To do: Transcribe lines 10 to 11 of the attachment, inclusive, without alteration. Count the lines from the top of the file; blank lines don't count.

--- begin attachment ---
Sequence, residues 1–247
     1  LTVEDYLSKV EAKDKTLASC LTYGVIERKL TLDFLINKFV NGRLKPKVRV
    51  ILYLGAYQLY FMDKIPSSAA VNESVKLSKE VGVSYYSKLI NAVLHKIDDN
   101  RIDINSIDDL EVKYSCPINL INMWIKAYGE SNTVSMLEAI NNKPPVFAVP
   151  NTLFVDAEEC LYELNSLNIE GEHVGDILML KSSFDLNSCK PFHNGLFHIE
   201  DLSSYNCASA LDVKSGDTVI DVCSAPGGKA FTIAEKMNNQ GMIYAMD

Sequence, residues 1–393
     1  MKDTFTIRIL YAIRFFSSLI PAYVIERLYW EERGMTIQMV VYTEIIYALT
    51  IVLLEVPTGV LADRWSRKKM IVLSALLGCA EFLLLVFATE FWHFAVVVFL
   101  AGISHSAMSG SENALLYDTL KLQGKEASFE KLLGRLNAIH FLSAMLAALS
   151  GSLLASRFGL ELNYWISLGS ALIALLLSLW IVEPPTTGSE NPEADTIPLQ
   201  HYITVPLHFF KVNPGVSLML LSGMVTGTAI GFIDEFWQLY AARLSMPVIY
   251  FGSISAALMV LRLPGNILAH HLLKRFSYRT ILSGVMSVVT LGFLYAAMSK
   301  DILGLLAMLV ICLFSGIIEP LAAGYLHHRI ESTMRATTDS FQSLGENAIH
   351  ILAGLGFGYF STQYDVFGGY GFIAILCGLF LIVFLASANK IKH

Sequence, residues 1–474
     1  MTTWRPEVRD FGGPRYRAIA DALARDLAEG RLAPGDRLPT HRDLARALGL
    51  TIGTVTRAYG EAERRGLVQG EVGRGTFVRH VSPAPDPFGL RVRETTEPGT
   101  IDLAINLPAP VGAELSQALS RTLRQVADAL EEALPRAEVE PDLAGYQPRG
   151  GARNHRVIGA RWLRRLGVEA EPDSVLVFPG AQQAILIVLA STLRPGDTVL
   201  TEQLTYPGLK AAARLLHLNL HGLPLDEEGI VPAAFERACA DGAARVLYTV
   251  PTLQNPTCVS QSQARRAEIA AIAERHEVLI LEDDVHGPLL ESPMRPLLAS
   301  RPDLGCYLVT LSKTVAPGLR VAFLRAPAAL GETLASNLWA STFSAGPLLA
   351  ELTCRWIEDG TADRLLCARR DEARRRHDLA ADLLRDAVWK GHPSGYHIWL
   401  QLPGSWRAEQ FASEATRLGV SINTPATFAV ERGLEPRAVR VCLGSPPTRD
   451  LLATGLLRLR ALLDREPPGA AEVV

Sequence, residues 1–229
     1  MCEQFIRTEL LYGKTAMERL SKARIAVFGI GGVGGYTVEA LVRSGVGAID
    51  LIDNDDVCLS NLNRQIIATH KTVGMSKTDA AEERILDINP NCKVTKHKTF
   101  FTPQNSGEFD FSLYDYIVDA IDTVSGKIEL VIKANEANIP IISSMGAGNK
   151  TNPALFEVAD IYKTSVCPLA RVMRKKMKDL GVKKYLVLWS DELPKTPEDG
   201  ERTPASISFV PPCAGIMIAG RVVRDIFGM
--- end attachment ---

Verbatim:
   101  AGISHSAMSG SENALLYDTL KLQGKEASFE KLLGRLNAIH FLSAMLAALS
   151  GSLLASRFGL ELNYWISLGS ALIALLLSLW IVEPPTTGSE NPEADTIPLQ